The unit relied on the council's audit department to help investigations and tabled its report to the full board.

"This unit had a measured degree of success in combating corrupt practices and abuse of power and saved MBPJ millions that would otherwise be lost, " he said.

It originally comprised skilled councillors with considerable experiences in accounting, law and related disciplines.

As time went on, the unit's efforts were hampered by lack of will by the government to take appropriate action against wrongdoers and lack of commitment by the anti-corruption unit or the police to want to treat these matters seriously, said Fernandez.

"Any integrity unit is only as good as the people who sit there, who must be qualified to detect complex and sophisticated fraud and able to read volumes of documents with an understanding of commercial practices.

"They need to be able to detect one-sided agreements deliberately drafted to facilitate corruption or detect the sophisticated method of using the judiciary to validate corrupt agreements.

"Sadly such people are in short supply. Councils need more independent professionals, qualified non-governmental organisation representatives and honest capable individuals to serve as councillors," he said, adding that the selection of councillors were mostly given to those with party ties.

Fernandez cited the case of the Petaling Jaya Local Plans (RTPJ) land status draft amendments.

Despite a Select Committee on Competency, Accountability and Transparency's (Selcat) finding of wrongdoing, he claimed no action was taken against anyone.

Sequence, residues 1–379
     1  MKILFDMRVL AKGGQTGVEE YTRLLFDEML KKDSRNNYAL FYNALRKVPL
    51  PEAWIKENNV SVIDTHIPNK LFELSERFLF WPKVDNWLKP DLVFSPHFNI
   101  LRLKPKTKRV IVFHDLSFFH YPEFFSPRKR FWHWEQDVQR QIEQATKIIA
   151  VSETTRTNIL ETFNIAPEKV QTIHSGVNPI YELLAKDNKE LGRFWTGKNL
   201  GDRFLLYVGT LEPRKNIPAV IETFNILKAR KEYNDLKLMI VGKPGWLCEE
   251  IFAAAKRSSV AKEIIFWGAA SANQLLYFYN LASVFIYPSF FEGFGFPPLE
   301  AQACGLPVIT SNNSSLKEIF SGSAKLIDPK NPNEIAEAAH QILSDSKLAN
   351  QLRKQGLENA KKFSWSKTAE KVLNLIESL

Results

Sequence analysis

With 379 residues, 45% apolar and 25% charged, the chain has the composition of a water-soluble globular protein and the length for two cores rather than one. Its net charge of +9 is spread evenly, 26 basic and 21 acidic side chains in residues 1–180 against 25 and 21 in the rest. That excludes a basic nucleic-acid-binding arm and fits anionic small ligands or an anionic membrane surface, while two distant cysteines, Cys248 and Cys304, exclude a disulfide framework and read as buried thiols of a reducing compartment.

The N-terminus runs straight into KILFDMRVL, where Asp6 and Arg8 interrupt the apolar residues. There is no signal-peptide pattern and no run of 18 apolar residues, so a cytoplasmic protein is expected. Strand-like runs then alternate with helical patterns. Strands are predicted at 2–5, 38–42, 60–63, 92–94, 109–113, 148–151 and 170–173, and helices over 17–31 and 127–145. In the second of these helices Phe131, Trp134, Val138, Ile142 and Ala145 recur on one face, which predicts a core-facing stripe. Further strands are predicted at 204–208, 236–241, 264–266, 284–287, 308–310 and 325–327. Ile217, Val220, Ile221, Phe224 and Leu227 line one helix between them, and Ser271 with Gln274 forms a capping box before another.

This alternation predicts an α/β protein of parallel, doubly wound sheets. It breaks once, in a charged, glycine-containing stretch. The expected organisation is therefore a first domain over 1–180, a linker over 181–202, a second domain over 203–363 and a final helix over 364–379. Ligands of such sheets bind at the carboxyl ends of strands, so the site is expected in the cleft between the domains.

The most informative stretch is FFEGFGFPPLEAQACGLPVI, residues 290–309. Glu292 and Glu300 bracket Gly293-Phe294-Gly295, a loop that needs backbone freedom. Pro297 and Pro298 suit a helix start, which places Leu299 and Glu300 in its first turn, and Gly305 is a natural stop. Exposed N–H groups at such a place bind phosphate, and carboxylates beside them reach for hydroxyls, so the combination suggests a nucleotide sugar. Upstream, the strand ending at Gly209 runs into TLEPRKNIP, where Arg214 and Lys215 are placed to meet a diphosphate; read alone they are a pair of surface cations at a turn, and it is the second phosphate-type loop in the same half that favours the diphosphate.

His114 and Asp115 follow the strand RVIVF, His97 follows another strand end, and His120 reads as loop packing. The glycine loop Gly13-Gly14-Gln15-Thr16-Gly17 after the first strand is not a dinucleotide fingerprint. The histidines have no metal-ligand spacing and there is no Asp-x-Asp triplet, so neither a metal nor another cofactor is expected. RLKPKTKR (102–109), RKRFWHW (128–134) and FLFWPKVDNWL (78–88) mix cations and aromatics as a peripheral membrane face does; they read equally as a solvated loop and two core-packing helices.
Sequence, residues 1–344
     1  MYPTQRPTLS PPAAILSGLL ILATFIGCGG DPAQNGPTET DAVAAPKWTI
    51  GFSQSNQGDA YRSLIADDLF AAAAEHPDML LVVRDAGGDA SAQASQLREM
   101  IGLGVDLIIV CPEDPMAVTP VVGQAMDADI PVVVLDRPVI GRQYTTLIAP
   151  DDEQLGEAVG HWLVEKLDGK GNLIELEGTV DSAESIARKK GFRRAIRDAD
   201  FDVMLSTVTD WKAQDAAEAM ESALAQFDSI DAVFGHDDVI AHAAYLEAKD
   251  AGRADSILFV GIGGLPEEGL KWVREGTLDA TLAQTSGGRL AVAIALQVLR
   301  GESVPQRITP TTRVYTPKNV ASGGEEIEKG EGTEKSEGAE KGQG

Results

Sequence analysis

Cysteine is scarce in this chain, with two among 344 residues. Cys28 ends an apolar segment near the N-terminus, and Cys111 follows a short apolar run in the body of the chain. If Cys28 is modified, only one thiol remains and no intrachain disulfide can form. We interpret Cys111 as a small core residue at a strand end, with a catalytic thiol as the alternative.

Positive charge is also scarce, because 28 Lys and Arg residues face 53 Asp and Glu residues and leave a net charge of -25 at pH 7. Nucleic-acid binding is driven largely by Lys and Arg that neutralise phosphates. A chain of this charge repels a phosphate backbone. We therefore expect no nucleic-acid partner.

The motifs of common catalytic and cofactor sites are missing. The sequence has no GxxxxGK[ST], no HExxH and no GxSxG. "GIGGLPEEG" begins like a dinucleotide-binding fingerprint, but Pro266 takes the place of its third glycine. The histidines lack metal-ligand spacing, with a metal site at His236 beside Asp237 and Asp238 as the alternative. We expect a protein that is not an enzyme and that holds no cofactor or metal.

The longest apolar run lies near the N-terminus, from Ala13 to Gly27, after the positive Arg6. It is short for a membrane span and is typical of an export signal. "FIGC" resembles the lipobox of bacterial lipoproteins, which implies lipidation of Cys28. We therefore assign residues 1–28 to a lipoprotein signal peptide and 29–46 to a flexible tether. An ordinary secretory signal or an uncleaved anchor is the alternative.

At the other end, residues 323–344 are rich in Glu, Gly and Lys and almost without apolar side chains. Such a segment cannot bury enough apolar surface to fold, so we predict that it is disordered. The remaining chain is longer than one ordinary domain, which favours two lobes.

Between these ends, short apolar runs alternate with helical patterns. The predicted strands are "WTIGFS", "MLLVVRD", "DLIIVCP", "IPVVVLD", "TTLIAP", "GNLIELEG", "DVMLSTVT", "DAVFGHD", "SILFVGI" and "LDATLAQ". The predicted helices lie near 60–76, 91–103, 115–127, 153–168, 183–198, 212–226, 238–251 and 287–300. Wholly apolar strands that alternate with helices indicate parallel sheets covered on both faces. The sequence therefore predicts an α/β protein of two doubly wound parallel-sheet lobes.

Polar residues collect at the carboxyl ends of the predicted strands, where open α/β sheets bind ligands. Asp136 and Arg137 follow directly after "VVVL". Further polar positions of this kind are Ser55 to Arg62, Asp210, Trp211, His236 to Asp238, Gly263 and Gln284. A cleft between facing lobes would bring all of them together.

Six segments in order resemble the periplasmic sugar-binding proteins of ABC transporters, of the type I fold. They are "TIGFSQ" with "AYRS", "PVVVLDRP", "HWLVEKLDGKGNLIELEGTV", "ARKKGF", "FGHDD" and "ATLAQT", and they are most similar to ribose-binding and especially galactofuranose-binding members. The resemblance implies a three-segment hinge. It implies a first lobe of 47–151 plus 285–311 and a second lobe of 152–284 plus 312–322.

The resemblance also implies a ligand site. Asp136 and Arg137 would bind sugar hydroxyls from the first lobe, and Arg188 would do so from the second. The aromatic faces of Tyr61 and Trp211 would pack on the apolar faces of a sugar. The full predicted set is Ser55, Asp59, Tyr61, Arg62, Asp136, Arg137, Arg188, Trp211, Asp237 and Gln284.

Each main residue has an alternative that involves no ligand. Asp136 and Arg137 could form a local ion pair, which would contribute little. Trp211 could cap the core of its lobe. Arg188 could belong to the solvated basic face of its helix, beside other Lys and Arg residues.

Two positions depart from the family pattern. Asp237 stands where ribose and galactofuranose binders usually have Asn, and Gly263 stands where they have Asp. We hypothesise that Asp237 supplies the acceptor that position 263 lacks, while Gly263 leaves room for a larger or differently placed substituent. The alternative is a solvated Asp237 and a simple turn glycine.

"It is better to talk less and do more, for in the end these integrity units will end up on souvenir mugs, posters and seminar halls of little value other than to repeat the sound of the broken record that integrity is important and how we need to educate everyone," said Fernandez.

Former Kampung Tunku assemblyman Datuk Dr Wong Sai Hou said for a start the state could fine-tune good practices at all the council tender committee level.

Dr Wong, a former MBPJ councillor and MCA veteran, said the government should do away with the practice of awarding contracts to the lowest bidder.

"The good performance or the track record of a contractor should be the key reason to award a contract, instead of giving it to the one who bids the lowest.

"The performance of a contractor must be evaluated. This will also give the council a chance to know if the work is done properly," he said.

Dr Wong also want the councils to review the night market lot allocation which may be bias.

He urged the council officers to go to the ground and conduct inspections.

"Do some leg work and check if these night market or morning market traders are outsourcing their licence to a foreigner," said Dr Wong.

Petaling Jaya councillor Cynthia Gabriel said the new directive from the state government has been something many parties especially the non-governmental sectors had wanted.

Gabriel, who is from the Centre to Combat Corruption & Cronyism, said while it was commendable to have such a unit it has to be independent in order to function well.

"These units are like mini MACC. It will add another layer of protection from ill practices. However it should have outsiders such as those with expertise to ensure the unit functions without any favouritism.

If there is a problem with a councillor this unit must be able to act," she said.